On July 24 or July 25, 1846, Thoreau ran into the local tax collector , Sam Staples, who asked him to pay six years of delinquent poll taxes . Thoreau refused because of his opposition to the Mexican–American War and slavery , and he spent a night in jail because of this refusal. The next day Thoreau was freed when someone, likely to have been his aunt, paid the tax, against his wishes.  The experience had a strong impact on Thoreau. In January and February 1848, he delivered lectures on "The Rights and Duties of the Individual in relation to Government",  explaining his tax resistance at the Concord Lyceum . Bronson Alcott attended the lecture, writing in his journal on January 26:
After leaving Walden in 1847, Thoreau continued to find ways to support himself while writing. His principal paying employments after 1849 were pencil making and surveying. His parents’ house on Main Street in Concord remained Thoreau's home from 1850 until his death in 1862. He made several excursions, from a few days to a few weeks in duration, to Cape Cod, Maine, and Canada. These provided material for essays published in periodicals during his lifetime and gathered posthumously into three books, Cape Cod, The Maine Woods, and A Yankee in Canada. Most of Thoreau’s writing, except for two books, A Week on the Concord and Merrimack Rivers and Walden, and more than a dozen essays, including “Civil Disobedience” and “A Yankee in Canada,” was published after his death.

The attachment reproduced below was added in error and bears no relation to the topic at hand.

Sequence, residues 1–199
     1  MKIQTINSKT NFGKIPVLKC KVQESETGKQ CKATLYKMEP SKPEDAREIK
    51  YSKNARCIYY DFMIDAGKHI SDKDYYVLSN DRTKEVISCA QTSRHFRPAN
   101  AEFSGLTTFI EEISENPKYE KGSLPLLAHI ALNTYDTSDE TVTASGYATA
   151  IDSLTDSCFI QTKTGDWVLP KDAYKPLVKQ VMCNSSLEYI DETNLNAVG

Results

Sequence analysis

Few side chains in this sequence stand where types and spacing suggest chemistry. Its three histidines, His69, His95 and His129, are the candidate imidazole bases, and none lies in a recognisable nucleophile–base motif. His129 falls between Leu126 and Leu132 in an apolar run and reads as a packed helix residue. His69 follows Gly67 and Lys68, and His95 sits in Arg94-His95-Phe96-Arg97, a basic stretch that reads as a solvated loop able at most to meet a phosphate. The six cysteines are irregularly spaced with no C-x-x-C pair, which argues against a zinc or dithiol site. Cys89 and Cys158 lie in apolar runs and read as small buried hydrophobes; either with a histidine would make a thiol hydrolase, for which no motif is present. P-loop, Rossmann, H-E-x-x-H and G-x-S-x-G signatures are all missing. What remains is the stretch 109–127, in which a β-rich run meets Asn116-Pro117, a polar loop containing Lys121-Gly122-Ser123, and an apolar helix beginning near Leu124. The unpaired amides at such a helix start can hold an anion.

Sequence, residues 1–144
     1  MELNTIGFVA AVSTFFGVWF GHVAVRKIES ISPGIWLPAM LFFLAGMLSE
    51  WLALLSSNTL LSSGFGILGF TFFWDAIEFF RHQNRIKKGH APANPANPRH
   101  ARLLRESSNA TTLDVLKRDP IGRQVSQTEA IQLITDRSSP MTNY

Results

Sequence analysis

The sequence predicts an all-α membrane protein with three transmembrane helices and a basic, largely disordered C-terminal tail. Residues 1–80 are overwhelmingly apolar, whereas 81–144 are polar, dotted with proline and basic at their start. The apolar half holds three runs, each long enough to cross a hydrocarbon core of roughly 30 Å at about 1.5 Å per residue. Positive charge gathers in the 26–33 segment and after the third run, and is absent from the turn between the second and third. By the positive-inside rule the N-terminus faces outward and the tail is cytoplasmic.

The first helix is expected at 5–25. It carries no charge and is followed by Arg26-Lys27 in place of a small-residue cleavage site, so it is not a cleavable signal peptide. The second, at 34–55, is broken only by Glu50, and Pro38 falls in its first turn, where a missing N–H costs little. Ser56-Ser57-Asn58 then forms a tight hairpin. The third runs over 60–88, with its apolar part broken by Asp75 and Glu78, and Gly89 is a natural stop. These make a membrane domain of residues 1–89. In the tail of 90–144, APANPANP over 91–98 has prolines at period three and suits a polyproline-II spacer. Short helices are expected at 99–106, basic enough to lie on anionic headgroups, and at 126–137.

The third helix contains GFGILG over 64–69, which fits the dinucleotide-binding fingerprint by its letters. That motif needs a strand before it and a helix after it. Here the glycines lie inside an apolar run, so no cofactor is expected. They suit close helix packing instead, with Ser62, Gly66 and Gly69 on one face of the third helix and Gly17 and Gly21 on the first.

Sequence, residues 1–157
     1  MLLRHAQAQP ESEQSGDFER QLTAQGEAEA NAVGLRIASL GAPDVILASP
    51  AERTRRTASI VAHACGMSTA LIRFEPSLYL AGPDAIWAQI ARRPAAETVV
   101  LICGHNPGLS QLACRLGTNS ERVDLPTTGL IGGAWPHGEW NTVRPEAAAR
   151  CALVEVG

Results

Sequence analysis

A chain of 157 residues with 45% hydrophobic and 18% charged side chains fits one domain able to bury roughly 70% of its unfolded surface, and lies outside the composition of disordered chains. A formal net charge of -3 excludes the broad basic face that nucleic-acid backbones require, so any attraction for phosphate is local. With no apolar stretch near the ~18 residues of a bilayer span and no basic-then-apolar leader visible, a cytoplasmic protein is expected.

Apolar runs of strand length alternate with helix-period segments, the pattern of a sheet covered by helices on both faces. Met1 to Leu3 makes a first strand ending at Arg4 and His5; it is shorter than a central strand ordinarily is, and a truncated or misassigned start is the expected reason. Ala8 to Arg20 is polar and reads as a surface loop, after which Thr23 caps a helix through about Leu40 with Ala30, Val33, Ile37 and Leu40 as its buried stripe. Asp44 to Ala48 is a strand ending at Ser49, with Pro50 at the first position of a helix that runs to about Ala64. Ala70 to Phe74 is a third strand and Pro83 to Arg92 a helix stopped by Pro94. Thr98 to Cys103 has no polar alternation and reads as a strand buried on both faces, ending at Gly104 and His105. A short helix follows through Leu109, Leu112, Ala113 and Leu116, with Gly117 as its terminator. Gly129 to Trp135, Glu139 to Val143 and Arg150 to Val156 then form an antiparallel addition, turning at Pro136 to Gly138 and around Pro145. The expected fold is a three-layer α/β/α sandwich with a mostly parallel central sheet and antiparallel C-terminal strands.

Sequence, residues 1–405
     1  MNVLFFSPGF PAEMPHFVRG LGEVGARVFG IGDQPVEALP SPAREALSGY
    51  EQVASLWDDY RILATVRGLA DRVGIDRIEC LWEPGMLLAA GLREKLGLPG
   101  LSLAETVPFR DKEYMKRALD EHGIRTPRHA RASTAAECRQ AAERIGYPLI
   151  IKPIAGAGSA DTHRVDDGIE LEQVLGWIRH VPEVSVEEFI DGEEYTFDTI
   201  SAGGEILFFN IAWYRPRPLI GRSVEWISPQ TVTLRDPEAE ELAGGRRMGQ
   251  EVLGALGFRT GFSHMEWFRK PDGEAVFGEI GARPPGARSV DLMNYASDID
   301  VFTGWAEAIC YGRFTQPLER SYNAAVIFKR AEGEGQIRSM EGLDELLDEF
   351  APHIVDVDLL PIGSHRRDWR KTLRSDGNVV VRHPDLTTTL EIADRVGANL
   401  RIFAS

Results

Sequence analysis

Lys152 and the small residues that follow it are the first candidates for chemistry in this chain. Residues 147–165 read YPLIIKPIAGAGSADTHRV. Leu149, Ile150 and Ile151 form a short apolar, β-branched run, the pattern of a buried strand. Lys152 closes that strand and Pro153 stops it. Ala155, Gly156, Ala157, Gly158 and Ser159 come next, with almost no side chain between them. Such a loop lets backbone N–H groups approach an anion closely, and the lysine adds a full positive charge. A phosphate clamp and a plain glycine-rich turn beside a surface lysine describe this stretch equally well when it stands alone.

Thoreau also remained a devoted abolitionist until the end of his life. To support his cause, he wrote several works, including the 1854 essay "Slavery in Massachusetts." Thoreau also took a brave stand for Captain John Brown, a radical abolitionist who led an uprising against slavery in Virginia. He and his supporters raided a federal arsenal in Harpers Ferry to arm themselves in October 1859, but their plan was thwarted. An injured Brown was later convicted of treason and put to death for his crime. Thoreau rose to defend him with the speech "A Plea for Capt. John Brown," calling him "an angel of light" and "the bravest and humanest man in all the country."